Fruits and Vegetables Safe For Horses

Fruits and Vegetables Safe For Horses

The quickest way to a horse’s heart is through their stomach, right? Be it hay, grass, alfalfa or treats, it’s no secret that almost all of our equine friends love their grub! The question is though, does the food we’re giving them really provide everything their body needs? Sadly, the answer is almost always no! While in the wild horses would survive almost solely on grass and hedgerow herbs, this simply doesn’t supply them with all the nutrients they need! So, what can we do to help? More often than not us horse owners see fruits and veggies simply as a nice treat, but they’re capable of being so much more! Packed with vitamins and minerals, they’re a great addition to your horse’s diet. Keep reading to find out more…

We all know that our horse's are super sensitive to new foods, prone to digestive upsets such as colic and loose droppings. That's exactly how we know that at least once you'll have started a google search with these three words...

Can Horses Eat...

Vegetables For Horses

Carrots For Horses


First and foremost, horse’s love carrots! So, you won’t have any trouble getting them to eat these veggies! Have you ever heard the old wives’ tale that carrots help you see in the dark? Well, they sort of do! Carrots contain beta carotene, which is converted by the body into Vitamin A. This is important for eye sight, reproduction, the immune system and so much more. More than just vitamin A, they also supply vitamin C which aids the immune system and Potassium for good muscle health.

Beetroot For Horses


Often considered as a superfood, don’t be too quick to overlook beetroot! While it’s pretty unheard of for equestrians to feed their horses beetroot, more and more feed companies are starting to utilise it in their recipes, and here’s why… Beetroot contains antioxidants, flavonoids, folic acid, methionine and nitrates. Nitrates are converted into nitric oxide, thought to relax the blood vessels, lower blood pressure, increase circulation and boost athletic performance. If you’re not sure about preparing beetroot, take a look at Keyflow Pink Mash!

Cucumber For Horses


Got some leftover cucumber sat in the fridge? Don’t let it go to waste! A refreshing addition to your horse’s feed, cucumber is high in water and low in calories and sugar. It’s also rich in antioxidants, vitamin D, vitamin K, vitamin C and vitamin A. Vitamin D helps to keep the bones and teeth strong, and is important for the absorption of calcium and phosphorus. This is especially important for horses that are rugged or stabled for prolonged periods of time.

Other fantastic vegetables safe to feed your horse include; parsnip, celery, swede and turnip.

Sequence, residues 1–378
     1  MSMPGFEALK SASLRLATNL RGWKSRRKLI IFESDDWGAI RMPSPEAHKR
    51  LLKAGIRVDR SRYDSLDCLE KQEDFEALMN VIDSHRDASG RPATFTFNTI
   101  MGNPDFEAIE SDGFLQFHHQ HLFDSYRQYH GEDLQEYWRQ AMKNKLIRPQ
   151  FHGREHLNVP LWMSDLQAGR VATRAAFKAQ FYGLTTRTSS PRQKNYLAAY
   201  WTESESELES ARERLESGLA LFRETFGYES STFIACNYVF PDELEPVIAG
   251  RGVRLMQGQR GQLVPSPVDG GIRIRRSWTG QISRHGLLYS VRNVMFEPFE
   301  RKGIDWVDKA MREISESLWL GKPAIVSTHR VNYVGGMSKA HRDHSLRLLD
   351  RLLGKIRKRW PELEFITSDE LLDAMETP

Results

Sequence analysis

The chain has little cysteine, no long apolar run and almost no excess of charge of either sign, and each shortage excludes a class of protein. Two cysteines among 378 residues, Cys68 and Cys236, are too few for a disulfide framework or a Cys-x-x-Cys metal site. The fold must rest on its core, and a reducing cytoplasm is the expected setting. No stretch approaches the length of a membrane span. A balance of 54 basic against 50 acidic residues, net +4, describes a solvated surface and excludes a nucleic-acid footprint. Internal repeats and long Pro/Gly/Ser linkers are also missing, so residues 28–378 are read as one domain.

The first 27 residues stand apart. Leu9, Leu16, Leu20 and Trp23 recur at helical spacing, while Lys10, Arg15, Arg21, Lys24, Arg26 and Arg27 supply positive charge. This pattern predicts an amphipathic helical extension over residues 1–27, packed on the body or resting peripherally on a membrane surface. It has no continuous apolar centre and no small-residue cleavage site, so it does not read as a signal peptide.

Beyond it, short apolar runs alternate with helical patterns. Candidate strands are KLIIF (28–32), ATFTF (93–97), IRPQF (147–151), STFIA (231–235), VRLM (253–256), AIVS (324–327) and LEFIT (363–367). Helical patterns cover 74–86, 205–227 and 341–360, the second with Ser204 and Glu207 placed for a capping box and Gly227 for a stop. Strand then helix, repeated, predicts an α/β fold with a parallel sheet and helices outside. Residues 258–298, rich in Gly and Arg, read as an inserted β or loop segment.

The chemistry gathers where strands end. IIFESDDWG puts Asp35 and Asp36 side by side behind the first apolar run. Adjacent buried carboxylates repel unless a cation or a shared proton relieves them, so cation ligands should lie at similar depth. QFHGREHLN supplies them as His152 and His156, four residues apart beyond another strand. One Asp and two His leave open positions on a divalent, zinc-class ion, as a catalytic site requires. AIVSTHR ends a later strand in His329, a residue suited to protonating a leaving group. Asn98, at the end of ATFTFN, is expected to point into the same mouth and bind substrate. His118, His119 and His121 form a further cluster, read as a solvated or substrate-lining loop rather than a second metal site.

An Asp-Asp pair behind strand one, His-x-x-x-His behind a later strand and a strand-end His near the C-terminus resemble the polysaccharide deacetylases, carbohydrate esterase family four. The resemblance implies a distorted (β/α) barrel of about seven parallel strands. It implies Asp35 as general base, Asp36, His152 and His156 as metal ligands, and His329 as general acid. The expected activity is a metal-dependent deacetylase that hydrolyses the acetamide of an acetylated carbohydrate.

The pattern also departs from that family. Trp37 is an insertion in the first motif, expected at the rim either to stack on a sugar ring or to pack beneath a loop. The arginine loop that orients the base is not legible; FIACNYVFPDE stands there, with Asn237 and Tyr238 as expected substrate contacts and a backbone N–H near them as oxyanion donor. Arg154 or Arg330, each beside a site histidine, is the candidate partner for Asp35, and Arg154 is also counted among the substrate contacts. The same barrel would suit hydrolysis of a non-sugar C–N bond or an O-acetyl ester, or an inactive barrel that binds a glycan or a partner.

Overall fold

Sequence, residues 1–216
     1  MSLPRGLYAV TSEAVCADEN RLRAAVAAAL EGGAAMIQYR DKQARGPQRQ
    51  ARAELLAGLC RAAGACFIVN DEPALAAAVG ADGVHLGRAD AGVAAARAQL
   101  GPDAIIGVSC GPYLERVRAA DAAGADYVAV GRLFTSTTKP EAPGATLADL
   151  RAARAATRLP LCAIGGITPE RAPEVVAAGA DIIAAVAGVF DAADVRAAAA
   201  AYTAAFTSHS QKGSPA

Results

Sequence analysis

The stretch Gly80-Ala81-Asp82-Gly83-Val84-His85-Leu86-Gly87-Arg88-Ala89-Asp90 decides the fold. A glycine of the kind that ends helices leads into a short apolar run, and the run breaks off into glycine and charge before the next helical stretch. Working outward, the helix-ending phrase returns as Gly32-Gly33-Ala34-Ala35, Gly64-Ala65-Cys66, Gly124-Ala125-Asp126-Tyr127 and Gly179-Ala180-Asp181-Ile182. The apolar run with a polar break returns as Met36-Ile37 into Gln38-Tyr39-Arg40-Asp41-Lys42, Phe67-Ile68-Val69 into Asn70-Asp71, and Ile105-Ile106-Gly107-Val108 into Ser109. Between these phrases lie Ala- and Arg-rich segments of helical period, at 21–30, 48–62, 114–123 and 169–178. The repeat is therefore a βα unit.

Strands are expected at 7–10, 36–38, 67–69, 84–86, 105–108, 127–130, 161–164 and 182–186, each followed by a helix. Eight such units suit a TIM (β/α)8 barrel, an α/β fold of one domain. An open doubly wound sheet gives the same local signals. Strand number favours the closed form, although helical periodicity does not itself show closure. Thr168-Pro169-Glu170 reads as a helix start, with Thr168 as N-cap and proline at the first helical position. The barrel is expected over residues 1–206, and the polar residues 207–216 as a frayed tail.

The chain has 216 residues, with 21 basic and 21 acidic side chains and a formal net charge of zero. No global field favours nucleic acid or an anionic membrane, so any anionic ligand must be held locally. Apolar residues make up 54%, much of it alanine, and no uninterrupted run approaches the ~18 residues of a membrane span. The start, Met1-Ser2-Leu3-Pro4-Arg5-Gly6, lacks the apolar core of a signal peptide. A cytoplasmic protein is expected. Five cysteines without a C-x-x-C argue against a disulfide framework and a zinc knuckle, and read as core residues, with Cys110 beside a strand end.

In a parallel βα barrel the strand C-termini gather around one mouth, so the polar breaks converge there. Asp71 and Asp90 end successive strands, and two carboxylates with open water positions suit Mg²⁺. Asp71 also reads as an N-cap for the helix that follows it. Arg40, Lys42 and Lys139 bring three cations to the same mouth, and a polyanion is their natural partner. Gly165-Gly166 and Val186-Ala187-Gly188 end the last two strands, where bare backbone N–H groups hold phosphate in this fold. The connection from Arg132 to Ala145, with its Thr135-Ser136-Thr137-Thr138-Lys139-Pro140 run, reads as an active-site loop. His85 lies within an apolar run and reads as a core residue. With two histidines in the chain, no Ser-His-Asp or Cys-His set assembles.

Fruits For Horses

Oranges For Horses


Oranges make a super tasty treat for horses, and they’re packed with vitamin C! this plays an important role in the production of collagen, used by the body in the formation of connective tissue such as skin, joints and muscles. It’s also an antioxidant, which helps to neutralise free radicals. As we all know, vitamin C is vital for the immune system as it encourages the production of antibodies that help your horse fight off illness. Oranges should be segmented into pieces and fed in small quantities.

Banana For Horses


Whether your horse is a little monkey or a total angel, they’re sure to go bananas for this tasty treat. Highly nutritious, bananas are rich in potassium, magnesium, sodium chloride, vitamin C and vitamin B6! Containing lots of goodies, bananas can help with everything from muscle health and energy levels to nerve function and digestion. This makes them especially good for working horses. Be wary though, they’re high in sugars so be sure to feed in moderation!

Watermelon For Horses


Fantastic for helping your horse cool off on those hot summer days, watermelon (unsurprisingly) contains a huge 90% water! This makes it great for keeping your horse hydrated. More than just water and sugar, the flesh also contains vitamins A and C. Top Tip: Don’t ever be tempted to put the rind in the bin! Safe for your horse to eat, it provides the amino acid citrulline. Your horse’s body converts this to arginine, which produces nitric oxide.

These are but a few of the fruits you can feed your horse, other safe options include apples, blackberries, strawberries and pears.

We hope we’ve inspired you to think outside the feed room! Please ensure that any new additions to your horses’ diet are introduced gradually to avoid upsetting their stomach. Fruits and vegetables should always be fed alongside a balanced diet with plenty of forage and fresh water. If your horse is deficient in nutrients, we'd recommend feeding a good quality balancer or supplement.

If you’re unsure about what to feed your horse, please do reach out for more information. Does your horse have a favourite fruit or vegetable? Let us know down in the comments below!

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